Gastonia doctor Mark Moscowitz has mounted a retrospective of Demand's work at Appalachian State University's Turchin Center for the Visual Arts, where it runs through Dec. 5. Demand had an interesting life: This son of a French father and German mother was drafted into the German Army during World War II (when Alsace came under German control) but finished the war fighting for the French Army and the Allies. He retired from painting in 1991 and moved to the United States with his wife, dying here in 2000.

If music's more in your line, you'll want to be in Tryon for the opening of "The Joy of Bernadette" at Tryon Fine Arts Center. Writer-composer Sonja Karlsen relates the story of 14-year old Bernadette Soubirous, who saw an apparition in a grotto near Lourdes, France, in 1858.  The apparition came to her 18 times; one visit led to the discovery of a pure spring which has become known worldwide for alleged healing powers and miracles.

The musical will run at 8 p.m. Thursday through Saturday and 3 p.m. Sunday. The 45-person cast, crew and orchestra mix performers from the Carolinas, New York, Florida and Europe. Karlsen has held readings of parts of the work elsewhere and recorded 10 songs from it, but this will be the world premiere of the full-length version.

I'm not familiar with either of these personally. But if I were headed to the mountains, I would check them out.

Wednesday, November 5, 2014

Is the Atlanta Symphony going under?

A deadline looms Saturday that could determine the future of the Atlanta Symphony Orchestra, which has been locked out since Sept. 7. You'll find the most recent story from last week's Atlanta Journal here, but the gist is this:

The musicians' ranks have been reduced over the years by retirement, deaths and departures to 76 contract players. Management wants to keep the number there for the indefinite future, with the hope (but no promise) that the total will rise to 90 over time. The musicians want a written commitment to increase the orchestra to a minimum of 88 by the 2017-18 season. Management has also offered a graduated 4.5 percent raise over four years; the musicians have proposed a raise closer to 10 percent.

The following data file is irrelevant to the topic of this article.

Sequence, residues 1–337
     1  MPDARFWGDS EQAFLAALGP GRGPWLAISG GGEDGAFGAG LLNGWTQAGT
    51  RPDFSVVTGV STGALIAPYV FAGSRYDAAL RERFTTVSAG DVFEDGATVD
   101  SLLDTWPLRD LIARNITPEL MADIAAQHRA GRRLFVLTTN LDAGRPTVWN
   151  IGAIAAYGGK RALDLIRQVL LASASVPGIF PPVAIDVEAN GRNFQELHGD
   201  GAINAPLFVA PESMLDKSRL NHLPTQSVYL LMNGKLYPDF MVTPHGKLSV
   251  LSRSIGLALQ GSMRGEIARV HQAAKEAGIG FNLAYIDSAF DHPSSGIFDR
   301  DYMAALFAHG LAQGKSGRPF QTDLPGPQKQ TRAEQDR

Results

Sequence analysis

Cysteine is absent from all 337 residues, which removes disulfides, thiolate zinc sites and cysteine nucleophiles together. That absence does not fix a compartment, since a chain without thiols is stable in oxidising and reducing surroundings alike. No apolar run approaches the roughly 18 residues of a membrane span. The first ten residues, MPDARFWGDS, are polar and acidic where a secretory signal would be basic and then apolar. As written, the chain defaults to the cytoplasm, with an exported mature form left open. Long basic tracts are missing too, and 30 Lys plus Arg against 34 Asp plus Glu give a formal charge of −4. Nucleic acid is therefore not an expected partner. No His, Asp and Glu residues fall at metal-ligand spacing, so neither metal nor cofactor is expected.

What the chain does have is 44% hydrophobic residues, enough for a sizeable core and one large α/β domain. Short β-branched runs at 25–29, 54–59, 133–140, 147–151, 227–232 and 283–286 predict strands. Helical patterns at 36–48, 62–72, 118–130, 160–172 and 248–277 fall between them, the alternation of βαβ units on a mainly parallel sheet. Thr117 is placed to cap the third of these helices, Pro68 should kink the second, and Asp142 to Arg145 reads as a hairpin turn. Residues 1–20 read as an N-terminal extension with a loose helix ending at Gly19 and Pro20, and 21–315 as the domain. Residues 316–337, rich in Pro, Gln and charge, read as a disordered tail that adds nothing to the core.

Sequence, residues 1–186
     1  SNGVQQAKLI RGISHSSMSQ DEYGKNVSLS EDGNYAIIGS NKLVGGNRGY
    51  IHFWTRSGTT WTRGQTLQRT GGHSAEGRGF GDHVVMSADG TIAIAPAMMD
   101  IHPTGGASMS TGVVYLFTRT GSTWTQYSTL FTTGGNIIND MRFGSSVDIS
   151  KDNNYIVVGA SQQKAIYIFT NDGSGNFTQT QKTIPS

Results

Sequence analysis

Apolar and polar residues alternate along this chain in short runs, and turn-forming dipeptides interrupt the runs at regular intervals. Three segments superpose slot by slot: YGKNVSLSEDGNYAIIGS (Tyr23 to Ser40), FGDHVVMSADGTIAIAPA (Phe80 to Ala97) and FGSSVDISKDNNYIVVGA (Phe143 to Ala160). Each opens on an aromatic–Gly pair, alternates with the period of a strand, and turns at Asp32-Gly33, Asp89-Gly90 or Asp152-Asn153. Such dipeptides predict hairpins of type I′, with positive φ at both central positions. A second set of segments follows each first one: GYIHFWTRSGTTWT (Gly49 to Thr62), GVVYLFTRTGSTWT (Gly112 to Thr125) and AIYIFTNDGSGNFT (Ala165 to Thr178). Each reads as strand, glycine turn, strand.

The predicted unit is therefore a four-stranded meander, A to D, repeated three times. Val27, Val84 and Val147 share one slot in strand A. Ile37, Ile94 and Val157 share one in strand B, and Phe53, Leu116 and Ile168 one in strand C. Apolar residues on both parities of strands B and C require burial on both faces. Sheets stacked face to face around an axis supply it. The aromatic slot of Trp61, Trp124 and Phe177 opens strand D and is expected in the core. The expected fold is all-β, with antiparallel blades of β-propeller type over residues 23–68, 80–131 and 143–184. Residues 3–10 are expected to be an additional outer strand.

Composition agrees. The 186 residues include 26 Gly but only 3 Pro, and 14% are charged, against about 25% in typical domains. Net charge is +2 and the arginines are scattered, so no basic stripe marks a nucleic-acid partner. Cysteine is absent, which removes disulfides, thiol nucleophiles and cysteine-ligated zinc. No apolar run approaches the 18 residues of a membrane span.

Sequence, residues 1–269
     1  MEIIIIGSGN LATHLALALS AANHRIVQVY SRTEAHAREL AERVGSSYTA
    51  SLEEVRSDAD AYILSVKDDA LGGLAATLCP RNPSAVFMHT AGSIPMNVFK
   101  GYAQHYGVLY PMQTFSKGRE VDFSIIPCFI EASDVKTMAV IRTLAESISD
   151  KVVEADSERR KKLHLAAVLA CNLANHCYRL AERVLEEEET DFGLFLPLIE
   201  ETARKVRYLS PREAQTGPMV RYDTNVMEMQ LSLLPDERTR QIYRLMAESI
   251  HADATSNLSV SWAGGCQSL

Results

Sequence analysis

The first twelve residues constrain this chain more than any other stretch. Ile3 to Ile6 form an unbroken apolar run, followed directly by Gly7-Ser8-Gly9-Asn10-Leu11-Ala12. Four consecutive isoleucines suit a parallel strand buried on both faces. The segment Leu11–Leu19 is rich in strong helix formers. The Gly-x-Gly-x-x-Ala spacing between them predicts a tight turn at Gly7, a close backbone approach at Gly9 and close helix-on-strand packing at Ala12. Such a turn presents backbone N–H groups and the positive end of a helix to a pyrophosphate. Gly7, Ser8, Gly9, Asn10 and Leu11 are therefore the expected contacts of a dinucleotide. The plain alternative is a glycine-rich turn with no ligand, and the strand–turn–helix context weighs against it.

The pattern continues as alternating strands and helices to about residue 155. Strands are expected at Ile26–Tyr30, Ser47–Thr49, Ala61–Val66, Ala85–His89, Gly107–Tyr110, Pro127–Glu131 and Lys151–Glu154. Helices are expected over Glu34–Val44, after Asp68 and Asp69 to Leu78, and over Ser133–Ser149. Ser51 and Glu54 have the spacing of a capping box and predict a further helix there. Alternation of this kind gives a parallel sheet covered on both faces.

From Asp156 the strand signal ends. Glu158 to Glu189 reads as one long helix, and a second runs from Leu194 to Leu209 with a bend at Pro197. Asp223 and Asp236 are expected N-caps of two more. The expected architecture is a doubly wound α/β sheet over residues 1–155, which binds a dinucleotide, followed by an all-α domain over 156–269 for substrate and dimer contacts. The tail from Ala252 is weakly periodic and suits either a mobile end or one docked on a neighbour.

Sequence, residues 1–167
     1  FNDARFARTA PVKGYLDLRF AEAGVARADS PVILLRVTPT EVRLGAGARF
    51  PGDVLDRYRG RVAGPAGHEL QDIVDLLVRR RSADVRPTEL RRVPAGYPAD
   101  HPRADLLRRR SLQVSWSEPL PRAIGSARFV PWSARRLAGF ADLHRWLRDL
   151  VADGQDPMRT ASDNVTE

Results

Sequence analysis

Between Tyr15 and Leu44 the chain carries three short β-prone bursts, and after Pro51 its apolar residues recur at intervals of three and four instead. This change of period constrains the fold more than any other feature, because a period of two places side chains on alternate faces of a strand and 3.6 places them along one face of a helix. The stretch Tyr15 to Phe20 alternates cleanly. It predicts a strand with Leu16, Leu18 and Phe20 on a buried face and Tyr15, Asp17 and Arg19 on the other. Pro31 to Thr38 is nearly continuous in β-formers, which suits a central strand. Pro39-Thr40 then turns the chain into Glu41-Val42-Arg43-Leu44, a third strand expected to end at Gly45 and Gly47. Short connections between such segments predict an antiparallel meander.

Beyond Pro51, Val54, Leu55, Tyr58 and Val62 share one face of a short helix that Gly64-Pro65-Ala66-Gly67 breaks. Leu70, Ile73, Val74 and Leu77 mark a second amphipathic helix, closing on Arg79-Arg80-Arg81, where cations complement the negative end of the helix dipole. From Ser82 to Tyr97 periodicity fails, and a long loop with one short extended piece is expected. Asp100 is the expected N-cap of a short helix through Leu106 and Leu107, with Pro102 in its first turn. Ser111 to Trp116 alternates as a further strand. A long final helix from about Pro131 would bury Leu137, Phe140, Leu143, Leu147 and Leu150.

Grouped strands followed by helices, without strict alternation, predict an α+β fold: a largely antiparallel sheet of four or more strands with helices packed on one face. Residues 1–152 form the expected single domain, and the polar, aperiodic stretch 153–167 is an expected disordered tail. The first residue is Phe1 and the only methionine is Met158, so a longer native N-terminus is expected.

So far, the ASO hasn't played a note of its season. Federal mediators have come and gone without finding a solution.

Apparently, this mess has been exacerbated by countless factors, including other financial moves made by Woodruff Arts Center management, the nonprofit parent group for the orchestra. I don't know all of those, but here are three thoughts:

1) Both sides probably have a point. For whatever reasons, management may not now be able to support an orchestra of the size to which players and audiences are accustomed. As far as I can tell, no ASO recordings have been issued for more than three years, so that source of income has dried up.

On the other hand, musicians are right to say they cannot play certain pieces properly -- Bruckner, Mahler, Richard Strauss -- without an adequate number of players onstage, and they won't sound the same if they consistently sub in per-service musicians. (Although the Charlotte Symphony imported two dozen people last week to play Strauss' "Ein Heldenleben," and it went well.)

2) The loss of an orchestra ripples throughout a community, not just a concert hall. Ballet and opera performances suffer. School groups don't get exposed to masterpieces. Outreach programs dry up. If this orchestra goes under, the people who buy weekend concert tickets represent a small fraction of the ones who will suffer from the fallout.